Hawaii experienced a boom in construction after is became a state and the tourism flourished. An unfortunate side effect of this was that asbestos construction materials were used in almost every building, including schools, public buildings and military instillations. In addition, asbestos was widely used in ship building at the time and thousands of people have been exposed to asbestos as a result of working there. The entire Pearl Harbor Complex is a Superfund cleanup site due to the contamination present there. Such is the danger that Hawaii asbestos laws mandate that all schools are inspected every six months to ensure no asbestos fibers are present. The presence of asbestos in Hawaii schools became a public health emergency in 2001 that resulted in the closings of several schools and emergency asbestos abatement.
Materials to be removed, according to Hawaii asbestos laws
Friable material poses the greatest contributory risk to future asbestos related illnesses. Friable material is easily broken and release toxic fibers into the air, where they pose a great risk to those that inhale the particles. Continued exposure severely increases the likelihood of developing mesothelioma and lung cancer. Friable material must be removed immediately following the procedures set by the EPA and the Hawaii asbestos laws set by the state government.
Non-friable asbestos is either in an indurate compound that will not break or sealed by an indurate material. In either situation, the material may become friable due to wear or damage. As such, when dealing with demolition and renovation, some non-friable ACM will come under scrutiny to ensure it will not crumble or release asbestos fibers. Demolitions usually require all fibers to be removed from the building, while renovation may only mean the immediate work area.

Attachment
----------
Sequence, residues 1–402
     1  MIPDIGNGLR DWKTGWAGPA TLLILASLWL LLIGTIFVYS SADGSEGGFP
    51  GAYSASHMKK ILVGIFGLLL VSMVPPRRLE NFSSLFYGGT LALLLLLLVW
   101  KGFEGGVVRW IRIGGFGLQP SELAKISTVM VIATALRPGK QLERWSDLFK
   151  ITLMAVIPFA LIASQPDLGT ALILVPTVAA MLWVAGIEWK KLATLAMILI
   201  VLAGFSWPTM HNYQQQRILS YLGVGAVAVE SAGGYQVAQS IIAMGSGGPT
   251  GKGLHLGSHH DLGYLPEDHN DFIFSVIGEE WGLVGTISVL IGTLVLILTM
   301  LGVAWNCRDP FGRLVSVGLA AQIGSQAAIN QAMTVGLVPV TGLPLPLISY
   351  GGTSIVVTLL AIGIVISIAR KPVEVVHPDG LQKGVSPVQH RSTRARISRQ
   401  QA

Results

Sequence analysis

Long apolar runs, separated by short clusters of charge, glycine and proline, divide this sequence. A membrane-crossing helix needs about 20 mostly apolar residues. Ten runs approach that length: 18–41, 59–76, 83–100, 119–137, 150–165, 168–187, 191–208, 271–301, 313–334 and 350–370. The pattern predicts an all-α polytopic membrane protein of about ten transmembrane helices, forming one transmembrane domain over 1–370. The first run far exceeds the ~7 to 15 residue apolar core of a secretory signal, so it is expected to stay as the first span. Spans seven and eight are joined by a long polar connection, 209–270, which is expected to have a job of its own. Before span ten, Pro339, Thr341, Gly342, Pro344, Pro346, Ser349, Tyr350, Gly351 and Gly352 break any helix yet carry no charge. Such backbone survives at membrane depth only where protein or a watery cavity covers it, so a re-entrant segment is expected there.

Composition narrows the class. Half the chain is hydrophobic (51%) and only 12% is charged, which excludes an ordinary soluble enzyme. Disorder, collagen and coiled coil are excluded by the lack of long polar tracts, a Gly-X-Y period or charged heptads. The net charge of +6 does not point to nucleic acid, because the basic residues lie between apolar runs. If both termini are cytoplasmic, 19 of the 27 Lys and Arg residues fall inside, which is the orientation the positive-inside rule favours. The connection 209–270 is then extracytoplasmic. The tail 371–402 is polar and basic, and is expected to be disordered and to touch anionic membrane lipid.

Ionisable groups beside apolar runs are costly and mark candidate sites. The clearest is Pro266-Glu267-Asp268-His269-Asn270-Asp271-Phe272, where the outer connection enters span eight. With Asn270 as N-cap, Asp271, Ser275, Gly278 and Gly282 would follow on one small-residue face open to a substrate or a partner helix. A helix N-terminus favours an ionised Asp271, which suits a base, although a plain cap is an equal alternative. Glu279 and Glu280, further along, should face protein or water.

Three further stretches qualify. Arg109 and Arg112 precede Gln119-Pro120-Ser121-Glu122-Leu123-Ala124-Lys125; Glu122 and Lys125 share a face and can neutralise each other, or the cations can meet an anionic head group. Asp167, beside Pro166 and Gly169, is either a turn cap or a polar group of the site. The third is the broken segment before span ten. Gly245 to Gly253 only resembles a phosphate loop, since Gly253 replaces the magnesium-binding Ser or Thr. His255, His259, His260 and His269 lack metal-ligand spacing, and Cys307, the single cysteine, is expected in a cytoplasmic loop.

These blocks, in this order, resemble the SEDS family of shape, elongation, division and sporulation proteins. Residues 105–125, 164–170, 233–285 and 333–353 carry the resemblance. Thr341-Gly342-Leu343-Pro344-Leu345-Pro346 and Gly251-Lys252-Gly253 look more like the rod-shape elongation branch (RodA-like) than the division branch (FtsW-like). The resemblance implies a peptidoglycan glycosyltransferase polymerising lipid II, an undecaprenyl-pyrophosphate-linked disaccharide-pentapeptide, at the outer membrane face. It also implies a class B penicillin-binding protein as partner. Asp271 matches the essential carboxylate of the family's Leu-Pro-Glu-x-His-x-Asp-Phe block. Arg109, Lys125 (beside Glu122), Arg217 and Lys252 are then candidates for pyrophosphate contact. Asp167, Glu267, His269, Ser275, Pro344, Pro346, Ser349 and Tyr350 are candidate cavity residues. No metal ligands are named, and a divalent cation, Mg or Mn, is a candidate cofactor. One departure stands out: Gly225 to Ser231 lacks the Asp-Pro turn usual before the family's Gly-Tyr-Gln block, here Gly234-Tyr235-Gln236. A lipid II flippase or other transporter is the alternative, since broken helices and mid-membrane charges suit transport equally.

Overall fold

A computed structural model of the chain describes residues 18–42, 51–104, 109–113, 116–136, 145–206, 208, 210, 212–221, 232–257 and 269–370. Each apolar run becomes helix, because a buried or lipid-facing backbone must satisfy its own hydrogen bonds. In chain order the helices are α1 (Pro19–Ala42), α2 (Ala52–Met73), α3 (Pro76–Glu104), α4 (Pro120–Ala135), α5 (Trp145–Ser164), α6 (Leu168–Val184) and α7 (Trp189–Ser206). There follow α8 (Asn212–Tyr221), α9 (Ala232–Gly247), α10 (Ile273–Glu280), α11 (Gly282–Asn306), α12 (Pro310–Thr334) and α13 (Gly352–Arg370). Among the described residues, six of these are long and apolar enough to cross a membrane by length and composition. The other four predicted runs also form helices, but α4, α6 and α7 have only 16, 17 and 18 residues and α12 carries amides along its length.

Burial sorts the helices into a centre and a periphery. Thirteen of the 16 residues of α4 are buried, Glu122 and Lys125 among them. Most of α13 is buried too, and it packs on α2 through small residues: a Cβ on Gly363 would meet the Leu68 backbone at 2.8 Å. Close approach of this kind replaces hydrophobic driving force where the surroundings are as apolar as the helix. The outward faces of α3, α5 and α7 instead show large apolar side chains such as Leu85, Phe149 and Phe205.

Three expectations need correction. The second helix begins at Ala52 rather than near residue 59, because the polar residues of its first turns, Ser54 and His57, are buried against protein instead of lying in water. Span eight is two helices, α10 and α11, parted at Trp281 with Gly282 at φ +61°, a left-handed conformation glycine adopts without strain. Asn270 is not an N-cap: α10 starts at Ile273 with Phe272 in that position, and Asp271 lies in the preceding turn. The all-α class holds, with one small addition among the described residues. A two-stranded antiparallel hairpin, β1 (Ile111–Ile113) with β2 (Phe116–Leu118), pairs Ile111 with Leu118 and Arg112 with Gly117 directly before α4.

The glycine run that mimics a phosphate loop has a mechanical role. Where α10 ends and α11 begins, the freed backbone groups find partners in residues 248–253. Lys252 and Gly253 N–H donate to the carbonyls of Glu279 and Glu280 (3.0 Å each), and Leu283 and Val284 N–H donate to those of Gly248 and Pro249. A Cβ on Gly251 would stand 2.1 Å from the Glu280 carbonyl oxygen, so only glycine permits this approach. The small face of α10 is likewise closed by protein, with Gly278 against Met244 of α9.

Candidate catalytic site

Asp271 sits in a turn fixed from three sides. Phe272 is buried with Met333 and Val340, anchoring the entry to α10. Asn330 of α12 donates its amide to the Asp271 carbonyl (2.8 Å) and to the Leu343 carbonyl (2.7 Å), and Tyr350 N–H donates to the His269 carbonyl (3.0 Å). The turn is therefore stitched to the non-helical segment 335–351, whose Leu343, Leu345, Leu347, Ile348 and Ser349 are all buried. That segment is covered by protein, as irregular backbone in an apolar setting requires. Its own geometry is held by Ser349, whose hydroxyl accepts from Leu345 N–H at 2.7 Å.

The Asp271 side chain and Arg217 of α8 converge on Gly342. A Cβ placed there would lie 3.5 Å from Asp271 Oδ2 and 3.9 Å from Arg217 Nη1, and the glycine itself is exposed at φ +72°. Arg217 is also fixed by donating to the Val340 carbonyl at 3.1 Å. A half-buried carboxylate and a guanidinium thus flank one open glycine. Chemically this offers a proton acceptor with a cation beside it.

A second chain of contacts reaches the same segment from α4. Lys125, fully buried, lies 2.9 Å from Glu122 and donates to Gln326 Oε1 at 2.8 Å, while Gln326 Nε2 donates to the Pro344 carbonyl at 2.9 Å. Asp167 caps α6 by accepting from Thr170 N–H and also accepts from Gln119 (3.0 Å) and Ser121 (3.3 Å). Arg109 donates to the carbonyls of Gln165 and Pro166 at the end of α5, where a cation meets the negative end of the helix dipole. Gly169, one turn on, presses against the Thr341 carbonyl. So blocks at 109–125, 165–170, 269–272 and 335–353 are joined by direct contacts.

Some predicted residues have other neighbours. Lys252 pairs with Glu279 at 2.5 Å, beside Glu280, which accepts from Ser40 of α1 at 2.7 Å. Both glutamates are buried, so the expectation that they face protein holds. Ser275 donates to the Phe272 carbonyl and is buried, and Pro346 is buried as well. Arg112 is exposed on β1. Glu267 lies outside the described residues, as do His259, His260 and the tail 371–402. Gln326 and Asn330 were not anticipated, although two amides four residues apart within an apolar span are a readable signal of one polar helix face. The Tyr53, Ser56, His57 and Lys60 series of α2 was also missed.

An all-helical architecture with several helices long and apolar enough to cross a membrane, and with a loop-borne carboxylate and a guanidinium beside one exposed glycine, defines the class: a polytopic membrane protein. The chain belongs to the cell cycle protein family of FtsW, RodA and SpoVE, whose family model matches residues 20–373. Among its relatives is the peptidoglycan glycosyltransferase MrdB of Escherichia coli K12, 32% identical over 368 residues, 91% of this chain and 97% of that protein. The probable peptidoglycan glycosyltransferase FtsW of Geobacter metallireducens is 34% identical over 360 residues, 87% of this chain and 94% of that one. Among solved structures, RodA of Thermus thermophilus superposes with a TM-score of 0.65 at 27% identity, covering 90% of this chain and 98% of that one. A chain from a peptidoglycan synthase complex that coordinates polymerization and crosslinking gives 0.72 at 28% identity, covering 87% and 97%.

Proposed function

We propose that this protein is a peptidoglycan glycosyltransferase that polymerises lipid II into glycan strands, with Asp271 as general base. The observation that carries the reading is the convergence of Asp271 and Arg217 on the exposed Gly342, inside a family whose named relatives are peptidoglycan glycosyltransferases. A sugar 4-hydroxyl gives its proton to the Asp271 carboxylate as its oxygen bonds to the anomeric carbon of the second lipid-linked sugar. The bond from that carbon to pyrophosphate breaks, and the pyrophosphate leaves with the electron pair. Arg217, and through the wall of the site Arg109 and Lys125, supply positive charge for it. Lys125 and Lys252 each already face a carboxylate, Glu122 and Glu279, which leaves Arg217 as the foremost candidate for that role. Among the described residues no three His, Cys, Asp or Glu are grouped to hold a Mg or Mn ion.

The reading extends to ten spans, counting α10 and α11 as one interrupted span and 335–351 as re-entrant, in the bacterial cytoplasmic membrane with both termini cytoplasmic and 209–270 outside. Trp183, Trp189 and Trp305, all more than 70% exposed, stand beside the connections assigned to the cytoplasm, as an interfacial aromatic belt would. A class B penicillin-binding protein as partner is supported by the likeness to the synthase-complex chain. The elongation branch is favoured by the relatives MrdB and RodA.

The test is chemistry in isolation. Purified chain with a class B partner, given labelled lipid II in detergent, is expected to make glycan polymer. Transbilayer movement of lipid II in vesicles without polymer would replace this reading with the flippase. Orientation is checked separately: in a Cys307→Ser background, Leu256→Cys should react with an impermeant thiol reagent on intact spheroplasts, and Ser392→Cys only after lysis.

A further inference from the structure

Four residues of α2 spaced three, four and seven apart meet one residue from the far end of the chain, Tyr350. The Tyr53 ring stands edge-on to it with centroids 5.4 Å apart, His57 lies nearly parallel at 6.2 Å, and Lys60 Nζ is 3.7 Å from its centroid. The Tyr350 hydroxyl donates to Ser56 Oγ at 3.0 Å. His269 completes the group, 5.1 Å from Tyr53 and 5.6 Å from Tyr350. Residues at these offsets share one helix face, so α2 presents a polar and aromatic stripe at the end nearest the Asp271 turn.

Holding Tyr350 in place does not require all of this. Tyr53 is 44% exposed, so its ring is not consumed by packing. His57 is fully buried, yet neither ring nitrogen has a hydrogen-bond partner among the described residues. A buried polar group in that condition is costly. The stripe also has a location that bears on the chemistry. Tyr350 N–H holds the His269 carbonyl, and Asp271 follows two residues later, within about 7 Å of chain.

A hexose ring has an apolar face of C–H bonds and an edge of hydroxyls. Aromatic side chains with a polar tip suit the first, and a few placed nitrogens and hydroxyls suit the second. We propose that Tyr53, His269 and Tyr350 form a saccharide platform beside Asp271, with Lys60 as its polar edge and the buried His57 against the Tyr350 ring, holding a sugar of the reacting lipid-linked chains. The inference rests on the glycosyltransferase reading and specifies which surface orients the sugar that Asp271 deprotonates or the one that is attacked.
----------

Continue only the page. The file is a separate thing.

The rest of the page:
You will have to provide adequate notice, typically at least ten working days before the start of the project in order to renovate or demolish a building containing asbestos.
The Hawaii Asbestos Program
The Hawaii Department of Health is responsible for enforcing Hawaii asbestos laws and certifying experts to audit and certify service providers. These providers will assist with inspections and asbestos abatement and will do so in a way that is safe and disposes of the material with minimal exposure. Standard asbestos abatement procedures run through the HDH and nearly all large structures that contain asbestos must seek approval from the HDH before the licensed contractor can proceed with demolition or renovation.